"It's gotten to the point where people don't want to tell their friends that they have a Mac," Tevanian remarks. To remedy this, Apple has launched an ad campaign to suggest that, since creative people often think differently, maybe they should shun convention in their choice of a computer, too.
And who better to convey the virtues of ignoring peer pressure than "Egghead" Tevanian?
Self-described soccer addict Jill McCabe is living her dream. Not only does the 1988 graduate play and coach, she now owns a piece of the sport as well: the Rochester Ravens, a 2-year-old franchise of the U.S. Women's Inter-regional Soccer League.
McCabe bought the franchise after hearing that a national amateur league for women was being formed. In Rochester, where recreational soccer is played by young and oldish alike, raw talent was just waiting to be tapped. Ravens range in age from 17-year-old high schoolers to mid-30s college coaches.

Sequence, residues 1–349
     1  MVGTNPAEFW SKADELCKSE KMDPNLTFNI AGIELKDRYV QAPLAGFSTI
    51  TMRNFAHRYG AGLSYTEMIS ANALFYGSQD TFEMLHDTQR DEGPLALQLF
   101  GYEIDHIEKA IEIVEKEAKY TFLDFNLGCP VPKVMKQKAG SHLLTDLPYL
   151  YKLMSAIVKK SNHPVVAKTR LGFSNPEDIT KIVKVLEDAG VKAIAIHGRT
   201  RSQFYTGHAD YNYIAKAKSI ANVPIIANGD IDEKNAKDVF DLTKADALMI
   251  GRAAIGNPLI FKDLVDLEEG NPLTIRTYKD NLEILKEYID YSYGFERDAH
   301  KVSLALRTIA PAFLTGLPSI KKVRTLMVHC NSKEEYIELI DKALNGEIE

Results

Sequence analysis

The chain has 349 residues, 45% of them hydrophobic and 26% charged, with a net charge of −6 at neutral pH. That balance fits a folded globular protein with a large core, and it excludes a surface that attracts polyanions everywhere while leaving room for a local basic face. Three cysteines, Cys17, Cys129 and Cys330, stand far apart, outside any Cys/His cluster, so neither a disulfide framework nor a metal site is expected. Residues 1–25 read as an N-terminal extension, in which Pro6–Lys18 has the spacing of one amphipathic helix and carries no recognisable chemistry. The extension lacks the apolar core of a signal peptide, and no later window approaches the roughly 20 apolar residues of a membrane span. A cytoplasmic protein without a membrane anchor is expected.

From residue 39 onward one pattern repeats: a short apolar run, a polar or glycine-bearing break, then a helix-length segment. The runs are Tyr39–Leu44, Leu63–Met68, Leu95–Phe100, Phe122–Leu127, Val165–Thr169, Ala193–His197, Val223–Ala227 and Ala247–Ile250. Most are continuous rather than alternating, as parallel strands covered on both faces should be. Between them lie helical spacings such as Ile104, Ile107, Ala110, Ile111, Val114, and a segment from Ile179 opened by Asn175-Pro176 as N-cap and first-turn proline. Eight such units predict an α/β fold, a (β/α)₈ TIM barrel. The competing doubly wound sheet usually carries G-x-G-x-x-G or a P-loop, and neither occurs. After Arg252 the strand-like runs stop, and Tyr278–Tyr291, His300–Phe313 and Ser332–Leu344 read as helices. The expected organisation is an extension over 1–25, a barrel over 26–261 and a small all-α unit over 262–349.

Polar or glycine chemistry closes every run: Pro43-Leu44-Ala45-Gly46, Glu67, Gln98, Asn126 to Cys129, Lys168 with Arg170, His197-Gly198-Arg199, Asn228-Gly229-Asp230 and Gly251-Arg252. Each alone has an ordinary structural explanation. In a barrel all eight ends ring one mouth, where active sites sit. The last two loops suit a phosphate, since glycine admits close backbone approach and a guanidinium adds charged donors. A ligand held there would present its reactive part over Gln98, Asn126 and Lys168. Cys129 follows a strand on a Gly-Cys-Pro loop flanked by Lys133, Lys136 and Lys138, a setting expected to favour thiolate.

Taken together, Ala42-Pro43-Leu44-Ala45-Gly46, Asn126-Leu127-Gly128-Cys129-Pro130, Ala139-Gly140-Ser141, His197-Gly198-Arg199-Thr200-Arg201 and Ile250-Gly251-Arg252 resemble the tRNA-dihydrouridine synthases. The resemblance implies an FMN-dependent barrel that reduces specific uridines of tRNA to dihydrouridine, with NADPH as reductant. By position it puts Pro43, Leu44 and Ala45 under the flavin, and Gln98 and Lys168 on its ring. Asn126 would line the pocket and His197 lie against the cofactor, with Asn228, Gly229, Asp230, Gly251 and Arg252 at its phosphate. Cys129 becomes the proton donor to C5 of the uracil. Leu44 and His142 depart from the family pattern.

A senior development engineer at Eastman Kodak by day, McCabe spends evenings during the season practicing with her 25 teammates. Her motivation is simple: The Ravens provide younger girls and college women with a new kind of role model. "Hopefully, we've raised the level of play and made Rochester more aware of what's out there," she says.
As owner and president, she's in charge of marketing, sales, and bookkeeping--skills she learned on the fly after she bought the franchise. From spring until August, she trains with the team twice a week or conducts camps or clinics after work, runs home and grabs a quick dinner and shower, and sits down to catch up on paperwork and phone calls. During the off-season, she's an assistant coach for the University's women's team and pounds the pavement and computer keys trying to raise corporate sponsorships for the Ravens. "Around the holidays," she allows, "I get a little break."